Wolfie was an indie pop/twee quartet from Champaign, Illinois. They were part of that really amazing “Champaign scene” of the mid-to-late 1990s, and they were on their hometown label Parasol Records. They founded in 1996, and they put out a boatload of singles and EPs along with three long-playing records before splitting up in 2001.
Joe Ziemba (bass, piano, vocals) and his high school buddy Mike Downey (guitars, vocals) were playing in separate bands for a while, but they decided to join forces, bringing drummer RJ Porter with them to start a band called Slackjawed. Later, they brought in Ziemba’s girlfriend (who would later become his wife) Amanda Lyons (vocals, keyboards), and they renamed the band Wolfie. Two years later, they released their debut album Awful Mess Mystery on Mud Records, which is under the Parasol Records uh… umbrella. Sorry, sorry. Anyway, that first album was pretty well received by critics and audiences. The follow-up, Where’s Wolfie pleased audiences, but managed to really upset a writer at Pitchfork. I read a lot of Pitchfork reviews, and I give Ian Cohen a hard time because the only record he likes is Pinkerton, and he almost never rates anything higher than 7.1. However, I’ve honestly never seen anything like this. Some writer named Brent DiCrescenzo really really hated the album. I’ve seen some low scores before, but this dude gave the album a 0.2. Out of 10. That’s not a typo. Zero point two. I’ve read some bad reviews and seen some records get a 1.0, but this smells like the guy has some personal axe to grind with one or all of the band members. Whatever.
That dude can say what he wants. I really like that band, and I really like that album. They weren’t the most talented band around, but that was when it was en vogue to have only rudimentary navigational skills. Their skill level aside, they sure were a fun band to listen to, and I’m sure they were fun to see live. I loved their records and I loved their label, Parasol Records.
It had been quite a while, however, since I had listened to Wolfie until I stumbled upon one of their songs a couple of weeks ago in a most unusual place. Seriously. Check out that video in the link. After seeing that, I dusted off my old CDs, sent them to the digital library, and here we are.
DiCrescenzo’s criticism wasn’t that they were mediocre musicians. He was only marginally complaining about their song craftsmanship and their dedication to “real” pop music. His chief complaint was that they were just too damn cute. Too twee. He couldn’t stand that, so he trashed the record. And then, at the end of that review, he committed a silly foul. “If you really want good pop music, please go get a Beatles album”. Of course this isn’t a Beatles album or a Beach Boys album or even Pinkerton. It’s a Wolfie record and it’s meant to be more fun than technically brilliant. Maybe I’m just a little bent out of shape because I think he was unfair to a record that I really like, but I just can’t stand it when reviewers implicitly say “This record isn’t Kid A. Therefore, it sucks.”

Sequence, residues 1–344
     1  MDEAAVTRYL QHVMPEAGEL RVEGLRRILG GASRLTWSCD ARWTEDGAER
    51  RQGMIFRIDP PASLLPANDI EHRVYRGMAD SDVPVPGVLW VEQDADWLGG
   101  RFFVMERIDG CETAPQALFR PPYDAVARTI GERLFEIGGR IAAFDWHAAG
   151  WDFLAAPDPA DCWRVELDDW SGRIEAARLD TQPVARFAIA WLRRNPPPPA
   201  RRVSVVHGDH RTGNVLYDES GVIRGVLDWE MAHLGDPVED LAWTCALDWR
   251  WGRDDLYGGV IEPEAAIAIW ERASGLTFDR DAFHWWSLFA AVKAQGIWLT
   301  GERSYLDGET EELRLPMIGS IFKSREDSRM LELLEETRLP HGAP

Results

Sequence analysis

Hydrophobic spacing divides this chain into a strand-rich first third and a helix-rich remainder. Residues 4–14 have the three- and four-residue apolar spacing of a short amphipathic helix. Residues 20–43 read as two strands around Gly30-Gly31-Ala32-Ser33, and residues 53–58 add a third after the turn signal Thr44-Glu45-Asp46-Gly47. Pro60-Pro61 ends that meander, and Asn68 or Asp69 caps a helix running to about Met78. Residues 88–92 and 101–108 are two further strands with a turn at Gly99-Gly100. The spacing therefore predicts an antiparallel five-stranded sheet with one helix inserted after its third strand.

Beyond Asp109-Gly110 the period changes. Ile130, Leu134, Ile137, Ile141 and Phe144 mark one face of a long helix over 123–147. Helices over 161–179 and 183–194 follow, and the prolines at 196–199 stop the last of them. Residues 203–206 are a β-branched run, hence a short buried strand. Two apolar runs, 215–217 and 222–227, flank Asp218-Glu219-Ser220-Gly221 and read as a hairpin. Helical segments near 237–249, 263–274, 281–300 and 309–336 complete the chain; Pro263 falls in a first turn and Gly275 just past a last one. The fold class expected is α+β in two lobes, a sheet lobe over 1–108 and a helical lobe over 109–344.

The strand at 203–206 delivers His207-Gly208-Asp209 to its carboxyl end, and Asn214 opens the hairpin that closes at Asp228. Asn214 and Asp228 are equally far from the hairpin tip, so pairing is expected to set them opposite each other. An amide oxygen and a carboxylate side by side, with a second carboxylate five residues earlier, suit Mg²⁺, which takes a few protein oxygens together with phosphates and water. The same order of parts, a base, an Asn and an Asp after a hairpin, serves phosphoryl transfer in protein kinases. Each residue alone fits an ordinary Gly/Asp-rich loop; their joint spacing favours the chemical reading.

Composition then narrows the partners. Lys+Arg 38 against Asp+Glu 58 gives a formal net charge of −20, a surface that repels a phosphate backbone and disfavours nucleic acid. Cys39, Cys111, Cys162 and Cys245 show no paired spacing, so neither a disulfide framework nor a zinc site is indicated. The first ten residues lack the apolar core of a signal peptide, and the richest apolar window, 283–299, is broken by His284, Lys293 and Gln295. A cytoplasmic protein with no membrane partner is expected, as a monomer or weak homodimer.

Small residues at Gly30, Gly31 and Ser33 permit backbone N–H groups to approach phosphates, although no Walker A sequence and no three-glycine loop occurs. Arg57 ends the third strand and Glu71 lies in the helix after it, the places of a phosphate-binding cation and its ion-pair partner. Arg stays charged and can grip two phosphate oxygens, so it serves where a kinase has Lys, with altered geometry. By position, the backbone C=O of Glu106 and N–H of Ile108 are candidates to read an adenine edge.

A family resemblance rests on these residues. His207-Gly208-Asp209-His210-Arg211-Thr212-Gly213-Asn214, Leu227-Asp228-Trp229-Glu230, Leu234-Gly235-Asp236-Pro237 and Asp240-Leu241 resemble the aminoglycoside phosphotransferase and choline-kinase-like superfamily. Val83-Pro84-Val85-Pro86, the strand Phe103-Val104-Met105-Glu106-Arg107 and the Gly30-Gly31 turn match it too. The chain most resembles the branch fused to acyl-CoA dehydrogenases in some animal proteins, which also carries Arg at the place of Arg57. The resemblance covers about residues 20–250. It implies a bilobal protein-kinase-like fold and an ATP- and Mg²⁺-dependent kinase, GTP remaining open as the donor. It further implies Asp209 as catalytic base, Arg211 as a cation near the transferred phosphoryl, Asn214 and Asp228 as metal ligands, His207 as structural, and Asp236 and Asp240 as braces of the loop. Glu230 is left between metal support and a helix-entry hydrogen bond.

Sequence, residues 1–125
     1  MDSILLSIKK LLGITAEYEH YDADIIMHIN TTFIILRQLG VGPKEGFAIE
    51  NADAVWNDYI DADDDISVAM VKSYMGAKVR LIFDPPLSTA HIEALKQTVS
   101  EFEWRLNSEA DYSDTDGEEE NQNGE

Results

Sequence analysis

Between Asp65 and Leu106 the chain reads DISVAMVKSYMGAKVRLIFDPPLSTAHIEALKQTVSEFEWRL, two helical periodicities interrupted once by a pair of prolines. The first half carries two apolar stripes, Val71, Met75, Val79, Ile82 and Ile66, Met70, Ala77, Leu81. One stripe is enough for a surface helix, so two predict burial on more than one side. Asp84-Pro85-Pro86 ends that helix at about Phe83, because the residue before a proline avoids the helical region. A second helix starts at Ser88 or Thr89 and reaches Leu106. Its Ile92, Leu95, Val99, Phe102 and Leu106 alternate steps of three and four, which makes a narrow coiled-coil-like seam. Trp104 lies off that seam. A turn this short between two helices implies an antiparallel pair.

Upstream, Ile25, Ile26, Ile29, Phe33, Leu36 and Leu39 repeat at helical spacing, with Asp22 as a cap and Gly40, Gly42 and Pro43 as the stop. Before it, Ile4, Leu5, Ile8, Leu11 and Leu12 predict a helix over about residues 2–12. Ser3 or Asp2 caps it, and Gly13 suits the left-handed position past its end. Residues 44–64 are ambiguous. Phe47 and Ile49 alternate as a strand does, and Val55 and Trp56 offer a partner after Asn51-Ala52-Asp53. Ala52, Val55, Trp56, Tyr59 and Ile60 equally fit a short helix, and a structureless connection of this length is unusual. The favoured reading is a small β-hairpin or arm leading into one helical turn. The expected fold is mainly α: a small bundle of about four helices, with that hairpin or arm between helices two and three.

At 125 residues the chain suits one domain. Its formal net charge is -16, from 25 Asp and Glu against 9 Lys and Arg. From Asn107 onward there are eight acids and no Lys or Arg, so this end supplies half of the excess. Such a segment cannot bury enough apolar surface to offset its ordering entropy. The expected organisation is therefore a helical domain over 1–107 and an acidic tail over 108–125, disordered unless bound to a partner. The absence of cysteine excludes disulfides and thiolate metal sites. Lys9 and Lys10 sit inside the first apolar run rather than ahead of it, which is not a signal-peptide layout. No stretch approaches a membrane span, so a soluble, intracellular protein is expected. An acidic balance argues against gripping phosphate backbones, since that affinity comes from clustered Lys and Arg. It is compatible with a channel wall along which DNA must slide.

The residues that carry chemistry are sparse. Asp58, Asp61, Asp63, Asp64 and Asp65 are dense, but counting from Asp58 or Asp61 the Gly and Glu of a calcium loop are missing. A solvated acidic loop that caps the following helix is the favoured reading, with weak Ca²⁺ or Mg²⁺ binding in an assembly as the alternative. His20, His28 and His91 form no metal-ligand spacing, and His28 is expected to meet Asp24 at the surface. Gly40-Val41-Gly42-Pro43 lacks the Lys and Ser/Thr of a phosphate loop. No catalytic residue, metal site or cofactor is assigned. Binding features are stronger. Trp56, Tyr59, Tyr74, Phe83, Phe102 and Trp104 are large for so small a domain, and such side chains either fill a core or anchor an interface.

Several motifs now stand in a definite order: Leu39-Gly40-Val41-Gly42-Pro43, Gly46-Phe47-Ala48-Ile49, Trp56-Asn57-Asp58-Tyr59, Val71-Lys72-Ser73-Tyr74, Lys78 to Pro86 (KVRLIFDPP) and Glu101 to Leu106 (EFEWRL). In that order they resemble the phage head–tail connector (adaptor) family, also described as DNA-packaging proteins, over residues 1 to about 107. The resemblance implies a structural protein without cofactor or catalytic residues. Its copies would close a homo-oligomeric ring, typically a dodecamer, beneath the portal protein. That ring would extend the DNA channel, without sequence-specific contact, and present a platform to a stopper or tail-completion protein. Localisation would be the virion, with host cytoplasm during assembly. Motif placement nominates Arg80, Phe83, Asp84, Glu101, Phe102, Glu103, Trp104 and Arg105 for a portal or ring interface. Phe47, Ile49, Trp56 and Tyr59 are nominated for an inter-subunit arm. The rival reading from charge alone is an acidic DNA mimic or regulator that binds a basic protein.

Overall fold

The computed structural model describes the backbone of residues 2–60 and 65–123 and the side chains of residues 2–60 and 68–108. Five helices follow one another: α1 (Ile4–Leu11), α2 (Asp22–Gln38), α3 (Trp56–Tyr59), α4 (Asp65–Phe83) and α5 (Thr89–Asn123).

Now that I’ve gotten that out of the way, I’ll go ahead and get to tonight’s song.
“It’s Thursday, Not Sunday (Thank Goodness)” by Wolfie
I really love the keyboard solo at the top. As rudimentary as it may be, I think it makes the song. It shows up again a few times, and I adore it each time. Although Joe’s singing is a bit harsh, there’s something amazing about the harmonies with Amanda. Especially, that first one right at 0:15. She makes it work. I also love that “Woo!” at 1:15. There’s only one of them, and it’s outstanding.
Listening to this song on headphones, I noticed that the balance is, ironically, Beatles-esque. The right channel is really treble-y while the left is really bass-y. I guess Mr. DiCrescenzo didn’t notice that.
After Wolfie split up, Joe and Amanda formed a different band called The Like Young. They released three records between 2002 and 2006. I’ve never heard any of them. The band, and their marriage, broke up after the last album.
Where’s Wolfie is out of print in CD format, but amazon has a few used copies. Parasol still has LP copies in stock. You can order one here. Do it!